Lots of reading today and here is Marilyn McEntyre on Alternatives to Organization.
In my wiser moments I know I have two practical choices: organize or simplify. And these are not only practical, but psychological and spiritual choices.
1) When you’re in a hurry, stop. For a whole minute. Shut the door and breathe deeply. Let go of what you’re clutching at; literally open your palms to receive energy and grace. Remember Ambrose Bierce’s cynical but oddly practical observation, “Few things matter very much and most things don’t matter at all.” Especially institutional drivel. Give yourself merciful permission to cut a corner, be five minutes late, leave something till tomorrow. Recite a short list of what matters most and put those things back in the center.
2) Attend to the call of the moment. The idea of “vocation” or “call” is a spiritual idea that serves me as well in thinking about the moment at hand as in thinking more largely about how to use my life. To discern what one is really “called” to do in response to any of the multiple demands a day brings involves some test questions: What is really being asked of me here? Is it appropriate? Is it proportionate? Is it important enough to lay aside other obligations? Can I respond out of peace and interest with real assent, or would my “yes” come out of guilt or fear of disapproval? If the demand passes those tests, it deserves my complete attention, not for five distracted, preoccupied minutes, but for five whole, undivided minutes.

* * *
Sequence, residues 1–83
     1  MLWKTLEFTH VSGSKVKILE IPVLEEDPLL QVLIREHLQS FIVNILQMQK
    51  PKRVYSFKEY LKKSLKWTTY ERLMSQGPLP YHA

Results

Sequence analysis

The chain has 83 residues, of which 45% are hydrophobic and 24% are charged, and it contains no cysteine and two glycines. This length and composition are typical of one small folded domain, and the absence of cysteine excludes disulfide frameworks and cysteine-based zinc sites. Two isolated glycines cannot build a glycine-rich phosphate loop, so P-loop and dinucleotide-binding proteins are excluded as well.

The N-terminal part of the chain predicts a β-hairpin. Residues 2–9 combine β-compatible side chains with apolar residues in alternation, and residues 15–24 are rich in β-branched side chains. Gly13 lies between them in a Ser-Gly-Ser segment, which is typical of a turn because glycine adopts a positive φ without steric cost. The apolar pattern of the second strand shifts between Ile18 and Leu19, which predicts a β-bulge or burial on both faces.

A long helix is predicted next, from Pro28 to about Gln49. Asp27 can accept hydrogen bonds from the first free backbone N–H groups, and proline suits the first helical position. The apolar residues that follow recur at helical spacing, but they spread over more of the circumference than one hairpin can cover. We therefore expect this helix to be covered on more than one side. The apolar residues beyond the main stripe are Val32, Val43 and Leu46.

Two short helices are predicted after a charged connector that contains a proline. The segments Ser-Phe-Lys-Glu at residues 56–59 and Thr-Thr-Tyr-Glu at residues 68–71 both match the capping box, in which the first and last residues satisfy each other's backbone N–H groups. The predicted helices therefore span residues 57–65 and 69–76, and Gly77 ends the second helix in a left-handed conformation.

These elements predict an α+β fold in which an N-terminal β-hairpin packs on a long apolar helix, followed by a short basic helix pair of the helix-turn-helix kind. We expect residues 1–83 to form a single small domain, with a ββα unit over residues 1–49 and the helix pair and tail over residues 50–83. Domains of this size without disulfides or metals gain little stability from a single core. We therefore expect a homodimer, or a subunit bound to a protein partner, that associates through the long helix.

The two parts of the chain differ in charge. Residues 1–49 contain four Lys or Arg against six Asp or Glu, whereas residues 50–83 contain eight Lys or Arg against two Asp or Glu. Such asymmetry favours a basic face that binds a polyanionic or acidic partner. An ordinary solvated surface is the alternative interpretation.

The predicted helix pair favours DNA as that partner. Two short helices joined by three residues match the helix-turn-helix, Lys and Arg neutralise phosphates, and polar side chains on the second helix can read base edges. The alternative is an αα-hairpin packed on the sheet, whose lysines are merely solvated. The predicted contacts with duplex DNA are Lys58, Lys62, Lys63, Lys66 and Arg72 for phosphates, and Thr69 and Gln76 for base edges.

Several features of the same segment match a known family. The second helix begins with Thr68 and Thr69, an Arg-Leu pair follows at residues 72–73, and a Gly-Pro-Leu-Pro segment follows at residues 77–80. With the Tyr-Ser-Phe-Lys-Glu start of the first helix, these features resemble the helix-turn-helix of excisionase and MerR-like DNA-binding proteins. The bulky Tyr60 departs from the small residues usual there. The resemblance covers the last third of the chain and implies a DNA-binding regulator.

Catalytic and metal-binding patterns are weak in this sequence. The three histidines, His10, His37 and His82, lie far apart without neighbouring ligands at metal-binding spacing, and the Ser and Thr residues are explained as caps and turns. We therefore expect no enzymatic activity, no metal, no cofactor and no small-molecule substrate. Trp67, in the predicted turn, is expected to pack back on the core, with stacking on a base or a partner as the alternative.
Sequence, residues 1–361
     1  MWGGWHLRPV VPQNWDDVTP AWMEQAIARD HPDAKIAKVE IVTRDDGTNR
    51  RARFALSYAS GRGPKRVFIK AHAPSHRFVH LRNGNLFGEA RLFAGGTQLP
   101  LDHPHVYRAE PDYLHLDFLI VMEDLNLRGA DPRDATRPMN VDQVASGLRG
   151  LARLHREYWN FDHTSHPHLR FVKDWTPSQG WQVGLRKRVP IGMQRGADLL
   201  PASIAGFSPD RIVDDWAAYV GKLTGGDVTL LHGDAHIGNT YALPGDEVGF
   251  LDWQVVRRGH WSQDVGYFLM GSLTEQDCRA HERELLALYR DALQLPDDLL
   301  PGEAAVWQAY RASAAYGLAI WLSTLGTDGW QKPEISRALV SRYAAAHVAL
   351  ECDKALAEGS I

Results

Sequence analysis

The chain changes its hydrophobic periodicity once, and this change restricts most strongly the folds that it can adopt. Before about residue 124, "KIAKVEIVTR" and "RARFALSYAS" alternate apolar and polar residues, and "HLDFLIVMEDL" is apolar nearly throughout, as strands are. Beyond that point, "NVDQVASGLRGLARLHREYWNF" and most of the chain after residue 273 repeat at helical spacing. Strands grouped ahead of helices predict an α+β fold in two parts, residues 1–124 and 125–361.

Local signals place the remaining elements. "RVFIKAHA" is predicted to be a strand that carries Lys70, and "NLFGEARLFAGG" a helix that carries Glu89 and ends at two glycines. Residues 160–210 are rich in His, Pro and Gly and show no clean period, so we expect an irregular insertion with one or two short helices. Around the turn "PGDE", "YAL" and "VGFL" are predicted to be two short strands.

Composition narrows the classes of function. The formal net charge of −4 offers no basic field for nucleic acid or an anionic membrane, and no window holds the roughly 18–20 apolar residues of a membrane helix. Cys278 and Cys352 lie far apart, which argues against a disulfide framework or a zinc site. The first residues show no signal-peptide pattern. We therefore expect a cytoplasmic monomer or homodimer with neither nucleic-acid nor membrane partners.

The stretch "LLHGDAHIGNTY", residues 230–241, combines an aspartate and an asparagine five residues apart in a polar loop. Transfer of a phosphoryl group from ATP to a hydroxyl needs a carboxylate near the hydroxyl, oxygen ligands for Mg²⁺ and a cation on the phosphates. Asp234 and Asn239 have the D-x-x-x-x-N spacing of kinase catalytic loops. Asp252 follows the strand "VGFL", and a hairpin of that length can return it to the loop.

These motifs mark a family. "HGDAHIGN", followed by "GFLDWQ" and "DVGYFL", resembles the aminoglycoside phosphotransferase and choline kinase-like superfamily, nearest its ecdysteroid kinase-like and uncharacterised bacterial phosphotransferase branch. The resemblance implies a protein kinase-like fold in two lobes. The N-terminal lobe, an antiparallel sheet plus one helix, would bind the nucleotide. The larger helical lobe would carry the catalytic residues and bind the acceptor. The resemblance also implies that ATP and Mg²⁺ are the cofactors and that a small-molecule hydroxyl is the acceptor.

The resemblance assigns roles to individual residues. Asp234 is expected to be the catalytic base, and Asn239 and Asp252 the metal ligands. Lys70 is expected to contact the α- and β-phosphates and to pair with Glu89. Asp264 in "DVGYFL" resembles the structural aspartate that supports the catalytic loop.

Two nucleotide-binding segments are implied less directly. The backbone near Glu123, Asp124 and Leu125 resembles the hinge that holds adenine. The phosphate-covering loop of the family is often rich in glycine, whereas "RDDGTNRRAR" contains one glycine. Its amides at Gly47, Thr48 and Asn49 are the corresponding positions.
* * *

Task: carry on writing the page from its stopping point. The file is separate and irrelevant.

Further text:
3) “Laugh. Laughter is immeasurable.” This is one of many useful admonishments in Wendell Berry’s poem “Manifesto: The Mad Farmer Liberation Front” which I reread often and recommend highly to the busy, the distracted, and the dutiful. Real laughter that starts in the belly and comes through the heart requires a healthy distance on the preoccupations of the present moment. The wisest people I know have these things in common: they’re compassionate, they can keep their peace, they can keep their own counsel, and they laugh.
These practices, I think, don’t depend on organization. They depend on giving oneself liberal permission to stay tuned to what’s up, what’s needed, where the surprises are. When I manage to remember them, the day is more like a dance than a march; priorities keep rearranging themselves, plans get reframed, and life leaves room for the unexpected. Some things don’t get done. Others get postponed. But, more often than not, what matters gets attended to.